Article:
There was a time when sunlight was used to disinfect hospitals, and such should be the case now, considering the superbugs that have developed a resistance to antibiotics. The legendary humanitarian Florence Nightingale observed that sunlight helped heal wounded soldiers and insisted that hospitals be constructed to allow the free entry of sunlight.[2]

In reality, it has long been known that sunlight is a powerful disinfectant and bactericide. As early as 1877, researchers discovered that sugar water left in the shade became cloudy, indicative of bacterial growth, but if exposed to sunlight, it remained clear.[3]  In 1890, the German microbiologist Robert Koch (who had isolated and described the tuberculosis bacterium in 1882), showed that sunlight killed TB bacteria.[4] Later on, research showed sunlight also killed E. coli bacteria in twelve feet of seawater and in waste stabilization ponds.[5] [6] [7]

In the aforementioned article comparing alternative disinfectants with bleach, the authors mentioned that exposing the armpits to sunlight would kill the bacteria that caused odor. There is little that I enjoy more than sunbathing with my hands behind my head and my armpits exposed to the sun. Lots of vitamin D, nitric oxide and endorphins produced, and later on I am more popular with my friends!

Sunlight exposure has been shown to heal Tuberculosis, psoriasis and a host of other diseases. To protect against a multitude of diseases, infectious and otherwise, be sure that you and your environment are exposed to plenty of sunlight,  but also be sure not to burn. Any reddening of the skin indicates that you have had enough.



[2] Nightingale, F.  Notes on Hospitals (third edition) Longman, Roberts and Green 1863.

[3] Downes, A.  Researches on the effect of light upon bacteria and other organisms. Proc Roy Soc Med 1877;26:488.

[4] Hobday, R. The Healing sun. Findhorn Press 1999:132.

[5] Hart, D.  Sterilization of the air in the operating room by special antibacterial radiant energy.  J Thorac Cardiovasc Surg 1936;6:45.

[6] Gameson, A. et al. Field studies on effect of daylight on mortality of coliform bacteria.  Water Res 1967;1:279.70.

[7] Calkins, J. et al.  The role of solar ultraviolet radiation in natural water purification.  Photochem Photobiol 1976;24:49.

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Morning Sunlight May Lead to a Slimmer Figure.

By: Marc Sorenson, EdD Sunlight Institute 

 Chalk up one more benefit of sunlight—morning sunlight that is. A recent study from Northwestern Medicine demonstrates that timing and intensity of light correlate with body mass index (BMI).[1] BMI is a numerical computation that compares height and weight, and it is considered a good measurement to assess obesity or the lack thereof. A high BMI usually means that a person is obese or at least approaching obesity. Optimal BMI is 18-25. Below 18 is underweight, above 25 is overweight, 30 is obese and 40 and above is morbidly obese.This research showed that exposure to bright morning light was directly related to BMI. After adjusting for confounders such as diet, exercise and sleep timing, it was determined that very early exposure to morning light correlated remarkably to lower BMI; even when light intensity was equal at different times of the day, those who received earliest bright light had lower BMI. In fact, for each hour later in the day that the light exposure occurred, BMI increased by 1.28 units. This fact is exceptionally important, since a person who has a BMI of 25 (upper ideal range) could approach 30, or obesity, simply by the habit of sunlight exposure later in the day, i.e. 10:00 AM rather than 6:00 AM.The authors of this research suggested that the mechanisms involved in weight control by early light exposure could be the following: (1) resetting the circadian rhythm (internal clock), (2) the greater amount of blue light in morning sunlight and (3) effects on melatonin production. Whatever the reasons, we now know that early-morning sunlight is important to weight control. It may also be important to other health issues.Since we know that the greatest vitamin D production, as a result of sunlight exposure, occurs around noon, I would suggest enjoying some early sunlight to begin the day, and then to engage in moderate, non-burning sunbathing around midday to optimize vitamin D levels. That should produce the greatest benefits possible.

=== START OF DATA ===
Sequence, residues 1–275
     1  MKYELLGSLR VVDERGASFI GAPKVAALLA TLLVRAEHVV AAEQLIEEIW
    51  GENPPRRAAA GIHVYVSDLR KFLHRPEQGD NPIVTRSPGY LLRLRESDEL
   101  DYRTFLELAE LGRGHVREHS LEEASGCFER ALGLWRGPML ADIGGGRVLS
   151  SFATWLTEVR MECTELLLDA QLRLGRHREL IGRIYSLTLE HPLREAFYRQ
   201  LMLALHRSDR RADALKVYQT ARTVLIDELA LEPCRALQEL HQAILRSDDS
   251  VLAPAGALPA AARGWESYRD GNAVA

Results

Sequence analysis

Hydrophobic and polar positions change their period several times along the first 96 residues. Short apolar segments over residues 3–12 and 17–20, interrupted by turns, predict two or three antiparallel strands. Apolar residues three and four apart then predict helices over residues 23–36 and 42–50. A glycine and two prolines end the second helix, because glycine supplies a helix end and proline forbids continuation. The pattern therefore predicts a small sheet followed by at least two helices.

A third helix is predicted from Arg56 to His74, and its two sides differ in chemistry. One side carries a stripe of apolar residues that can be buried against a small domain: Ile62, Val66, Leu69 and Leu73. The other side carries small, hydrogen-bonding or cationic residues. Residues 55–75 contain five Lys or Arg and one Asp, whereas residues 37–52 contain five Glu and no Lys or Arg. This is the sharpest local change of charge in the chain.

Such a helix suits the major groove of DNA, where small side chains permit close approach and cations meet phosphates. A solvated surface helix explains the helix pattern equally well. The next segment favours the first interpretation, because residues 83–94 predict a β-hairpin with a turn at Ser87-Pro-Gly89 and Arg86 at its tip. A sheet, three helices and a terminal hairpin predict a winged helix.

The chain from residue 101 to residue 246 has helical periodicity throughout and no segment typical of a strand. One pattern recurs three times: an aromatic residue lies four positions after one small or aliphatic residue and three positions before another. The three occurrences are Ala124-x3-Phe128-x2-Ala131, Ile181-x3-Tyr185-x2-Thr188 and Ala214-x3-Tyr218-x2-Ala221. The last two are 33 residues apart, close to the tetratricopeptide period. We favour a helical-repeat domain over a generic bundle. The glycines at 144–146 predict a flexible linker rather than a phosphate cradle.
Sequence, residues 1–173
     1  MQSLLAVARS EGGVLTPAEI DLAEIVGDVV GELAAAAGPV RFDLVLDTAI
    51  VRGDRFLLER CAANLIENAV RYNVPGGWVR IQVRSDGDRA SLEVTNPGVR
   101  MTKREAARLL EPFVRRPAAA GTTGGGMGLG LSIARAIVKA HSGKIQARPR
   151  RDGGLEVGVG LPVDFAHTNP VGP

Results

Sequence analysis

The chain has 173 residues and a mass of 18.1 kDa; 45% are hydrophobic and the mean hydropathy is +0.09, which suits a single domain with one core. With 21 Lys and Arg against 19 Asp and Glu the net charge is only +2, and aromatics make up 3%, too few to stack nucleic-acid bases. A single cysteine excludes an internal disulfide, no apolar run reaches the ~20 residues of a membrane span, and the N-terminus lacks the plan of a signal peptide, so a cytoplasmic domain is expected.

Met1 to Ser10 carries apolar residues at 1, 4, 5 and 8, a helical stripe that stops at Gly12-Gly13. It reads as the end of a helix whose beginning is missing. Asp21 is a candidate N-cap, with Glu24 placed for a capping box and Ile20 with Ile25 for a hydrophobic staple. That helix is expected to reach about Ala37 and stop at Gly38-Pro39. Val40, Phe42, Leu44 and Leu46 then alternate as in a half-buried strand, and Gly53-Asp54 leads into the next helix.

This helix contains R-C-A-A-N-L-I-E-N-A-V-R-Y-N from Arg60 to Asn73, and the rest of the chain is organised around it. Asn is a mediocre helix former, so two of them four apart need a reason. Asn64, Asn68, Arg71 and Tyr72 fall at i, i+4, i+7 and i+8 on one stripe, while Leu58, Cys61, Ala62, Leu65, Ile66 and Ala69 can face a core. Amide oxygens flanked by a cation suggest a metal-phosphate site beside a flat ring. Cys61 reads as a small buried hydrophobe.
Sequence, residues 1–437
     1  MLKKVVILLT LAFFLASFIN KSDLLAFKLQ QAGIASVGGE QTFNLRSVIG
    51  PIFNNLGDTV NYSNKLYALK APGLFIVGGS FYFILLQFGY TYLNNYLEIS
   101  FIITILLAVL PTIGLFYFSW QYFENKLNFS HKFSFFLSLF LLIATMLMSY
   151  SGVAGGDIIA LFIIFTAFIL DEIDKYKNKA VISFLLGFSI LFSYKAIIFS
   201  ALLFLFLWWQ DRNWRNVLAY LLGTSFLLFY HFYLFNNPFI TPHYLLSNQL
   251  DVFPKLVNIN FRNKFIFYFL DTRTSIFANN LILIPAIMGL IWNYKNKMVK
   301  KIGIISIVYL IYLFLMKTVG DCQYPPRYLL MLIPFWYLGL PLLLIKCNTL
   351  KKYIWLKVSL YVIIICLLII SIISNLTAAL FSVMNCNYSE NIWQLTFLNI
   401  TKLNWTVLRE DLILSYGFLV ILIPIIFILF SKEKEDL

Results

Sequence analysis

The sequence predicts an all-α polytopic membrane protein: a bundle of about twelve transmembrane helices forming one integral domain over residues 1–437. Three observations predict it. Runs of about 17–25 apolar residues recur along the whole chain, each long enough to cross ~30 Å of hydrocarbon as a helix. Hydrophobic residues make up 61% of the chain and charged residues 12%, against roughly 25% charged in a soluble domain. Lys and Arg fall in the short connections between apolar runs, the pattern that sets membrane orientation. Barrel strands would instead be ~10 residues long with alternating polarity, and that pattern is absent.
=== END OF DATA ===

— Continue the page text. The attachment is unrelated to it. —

[1] Reid KJ, Santostasi G, Baron KG, Wilson J, Kang J, Zee PC. Timing and intensity of light correlate with body weight in adults. PLoS One. 2014 Apr 2;9(4)

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Working in Natural Light Improves Mood, Performance, Behavior and Psychological Health.

By Marc Sorenson, EdD.  Sunlight Institute

There are few things that improve our wellbeing like arising early in the morning and walking outside on a bright, sunny day. Our attitude improves, our serotonin and endorphin levels increase and there is an almost immediate feeling of exhilaration. We also become less confrontational, and our minds seem to click on all cylinders. Later on, around midday, if we are fortunate enough to have time to safely sunbathe (with lots of skin exposed), we produce large quantities of vitamin D, and our nitric oxide levels increase. This gives us a delicious feeling of relaxation and an almost instantaneous lowering of blood pressure as the cares of the day melt away.

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Alzheimer’sBDNFblood pressurebonebreast cancercancercircadian rhythmCovid-19deathdepressiondiabetesendorphinhealthheart diseaseHypertensioninflammationkidsmelanomametabolic syndromemoodMSmultiple sclerosismyopianitric oxideobesityosteoporosispregnancyprostate cancerpsoriasisserotoninskin cancerStrokesunsunburnsun exposuresunlightSunlight exposuresunscreensunshinetanning bedsUVUVAUVBvitamin dvitamin D deficiency